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Description of PhD project:

During the first years of life children quickly learn the basics of their native language: phonemes, phonotactic patterns, words, phrase structure, etc. Many behavioral experiments assume a step-wise learning process: first children learn the sounds of the language, then they learn how to segment speech, followed by word meanings and more complex language features. Similarly, most computational models only investigate one aspect of language learning at a time. However, recent evidence from experimental studies on language acquisition suggests that infants can use information from (still incomplete) higher-level language representations to improve, for instance, their phonetic category learning.

This project aims to investigate whether (incomplete) knowledge of higher-level language representations can aid children in other, lower level, aspects of their native language. More specifically, I will look at whether infants can use phrase- and part word -level information to learn word meanings.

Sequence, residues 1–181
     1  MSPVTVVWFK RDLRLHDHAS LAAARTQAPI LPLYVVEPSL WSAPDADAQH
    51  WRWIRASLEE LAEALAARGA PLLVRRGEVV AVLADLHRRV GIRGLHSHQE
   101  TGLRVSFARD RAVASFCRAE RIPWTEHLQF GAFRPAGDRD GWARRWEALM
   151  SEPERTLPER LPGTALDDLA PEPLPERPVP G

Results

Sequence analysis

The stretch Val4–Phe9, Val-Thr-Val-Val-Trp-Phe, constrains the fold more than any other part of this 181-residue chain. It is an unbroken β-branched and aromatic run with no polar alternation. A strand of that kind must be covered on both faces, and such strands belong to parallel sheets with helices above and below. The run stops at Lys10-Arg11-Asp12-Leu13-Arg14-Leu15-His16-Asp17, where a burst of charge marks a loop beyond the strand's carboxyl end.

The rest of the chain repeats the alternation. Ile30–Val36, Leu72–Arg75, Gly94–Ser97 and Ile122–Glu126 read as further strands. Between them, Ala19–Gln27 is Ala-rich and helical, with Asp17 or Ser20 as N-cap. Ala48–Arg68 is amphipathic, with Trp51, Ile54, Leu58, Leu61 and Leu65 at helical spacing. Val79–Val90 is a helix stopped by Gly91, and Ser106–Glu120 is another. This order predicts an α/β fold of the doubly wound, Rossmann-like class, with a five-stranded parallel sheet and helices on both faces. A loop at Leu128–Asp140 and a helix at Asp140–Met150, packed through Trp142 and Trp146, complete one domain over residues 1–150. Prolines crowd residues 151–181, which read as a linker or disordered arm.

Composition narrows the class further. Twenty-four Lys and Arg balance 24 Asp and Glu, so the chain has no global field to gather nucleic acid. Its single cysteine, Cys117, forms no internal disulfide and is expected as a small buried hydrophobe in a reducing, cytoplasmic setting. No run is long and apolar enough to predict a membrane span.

For this, I will mainly use a Bayesian computational modeling approach to incrementally build a model based on experimental findings from existing literature to mimics the infants’ learning process. First, I will start with a two-layer computational model (phrases and words) to see whether phrasal information can aid in learning word meanings. This model will be used to generate new behavioral predictions, which I can then test in experiments with infants. The experimental results can then be incorporated back into the model. Subsequently, the part word- level will be added to the model as a additional information source. This will result in a 3-layer model, which trades top-down and bottom-up information through three layers of representation during the learning process.

I strongly believe that child language acquisition can benefit from combining computational and experimental research methods. Computational models can be used to investigate the processes underlying the behavioral findings from experiments and help us to hypothesize about what is happening during first language acquisition.

Last checked 2017-08-18

Ingeborg Roete

Max Planck Institute for Psycholinguistics
PO Box 310
6500 AH Nijmegen
The Netherlands